We Tested the 3 Best LED Lights for Photographers

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LED lights are so cool! They’re easy to use. Gel them a bit and they can give you a totally different look. Better yet, they’re incredibly versatile, which let’s you focus on just creating. The cherry on top: they can give you a cinematic look. Most of The Phoblographer staff swear by flash and studio strobes, but there are times when an LED can surely do the job. Lucky for you, we’ve reviewed some of the best LED lights for photographers. Dive in with us!

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Rod Evans Spins Lights Around People Under Stellar Skies

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“I am actually a little bit OCD when it comes to getting things right”, says Australian photographer Rod Evans about his attention to detail in photography. Enraptured by the night sky after stopping by the roadside during a drive in 2015, he now blends light painting with scenic night sky locations across the country. Rod uses some familiar and some outright unusual tools for creating his photographs. All of which we’re going to take a look at in this in-depth interview.

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Prakash Pancholi Shows us how to Literally Paint With Light

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“The fun starts when you combine both the ambient exposure and your drawing in the image”, says Prakash Pancholi, who resides in Dubai. An airline fleet superintendent by profession, Prakash spends his spare time crafting light painting tools in his home to use in his elaborately planned, slow shutter images. What started as a hobby kicked off by accidental light exposure in one of his images turned into a passion that evolved into a portfolio.

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Hybrid Shooters Will Love It: Light and Motion CLx10 Review

The Light and Motion CLx10 continuous light could be a great light for on the go hybrid photographers.

We are huge champions of learning how to use flash, strobes, and continuous lights here at The Phoblographer. Nothing is more liberating or more freeing than being able to shoot in many lighting conditions. We were offered the chance to test and review the Light and Motion CLx10. The CLx10 is a 10,000 lumen continuous light. Many photographers might appreciate continuous light more than a standard flash in the day and age of exposure previews. How does this continuous light source work in the real world? Should you buy it? Find out in our full review.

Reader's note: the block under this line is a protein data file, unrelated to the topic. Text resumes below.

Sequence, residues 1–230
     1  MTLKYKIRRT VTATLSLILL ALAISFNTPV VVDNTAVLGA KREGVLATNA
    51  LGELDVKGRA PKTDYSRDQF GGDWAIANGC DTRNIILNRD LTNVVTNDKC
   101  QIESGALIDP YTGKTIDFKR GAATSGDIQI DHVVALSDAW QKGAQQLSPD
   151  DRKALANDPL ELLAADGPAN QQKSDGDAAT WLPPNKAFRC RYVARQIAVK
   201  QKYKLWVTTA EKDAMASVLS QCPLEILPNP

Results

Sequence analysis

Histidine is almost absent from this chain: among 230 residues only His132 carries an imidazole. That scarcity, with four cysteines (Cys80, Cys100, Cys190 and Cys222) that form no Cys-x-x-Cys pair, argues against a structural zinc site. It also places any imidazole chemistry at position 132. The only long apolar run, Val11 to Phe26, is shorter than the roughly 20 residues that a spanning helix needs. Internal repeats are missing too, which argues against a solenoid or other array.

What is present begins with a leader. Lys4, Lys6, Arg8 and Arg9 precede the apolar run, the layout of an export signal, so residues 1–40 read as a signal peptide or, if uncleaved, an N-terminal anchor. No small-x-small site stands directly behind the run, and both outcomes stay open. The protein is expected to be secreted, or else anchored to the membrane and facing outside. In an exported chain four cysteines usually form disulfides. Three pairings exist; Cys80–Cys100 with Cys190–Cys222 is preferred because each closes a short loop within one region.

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The Amazing Long Exposures and Art Installations of Barry Underwood

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All photographs shot by and used with permission from Barry Underwood.

Cleveland-based photographer and light installation artist Barry Underwood, whose work takes focus on the examination of the use of land in both rural and urban areas, is well-versed in the power of film; and he’s using that power to his advantage to document his amazing art installations.

These long-exposure photographs (or visual representations of his “dialogues”, as he calls them, between him and nature and history), of course, are products of much bigger projects that not only take time to plan and execute, but also last several hours after their images are painted on film. As Barry himself explains,

“The photographic images are long exposure documentations of full-scale installations built on-site in specific landscapes. With my work, I actually do build a structure, or object, or an installation. My process begins with drawing. Most of the installations only exist from a few hours to one night. I have been working on projects where the installation is up for several weeks. Most projects are installed in one day, though some can take several days. Again, most of the installations are actual structures, not moving lights, or light trails. Though they do at times mimic light trails. Almost every installation or sculpture has a support structure just off frame. Rope in the trees, an armature, and such.

The photographic images are made using long exposures; one or more hours.  Because they are long exposures, I use film for photographing. I then have the film scanned. I try to treat the image in Photoshop similar to how I would print in the darkroom process: adjusting color balance, dodge/burn, crop…In fact the early work in the series was first printed in the darkroom with no digital process.”

These long exposures may only be fractions of his undoubtedly beautiful full-scale light installations, but they are themselves artworks in their own right. Stunning, surreal, and radiant, they are true examples of long exposures AND film photography done right.

See some of them after the jump and make sure to check out Barry’s gorgeous portfolio
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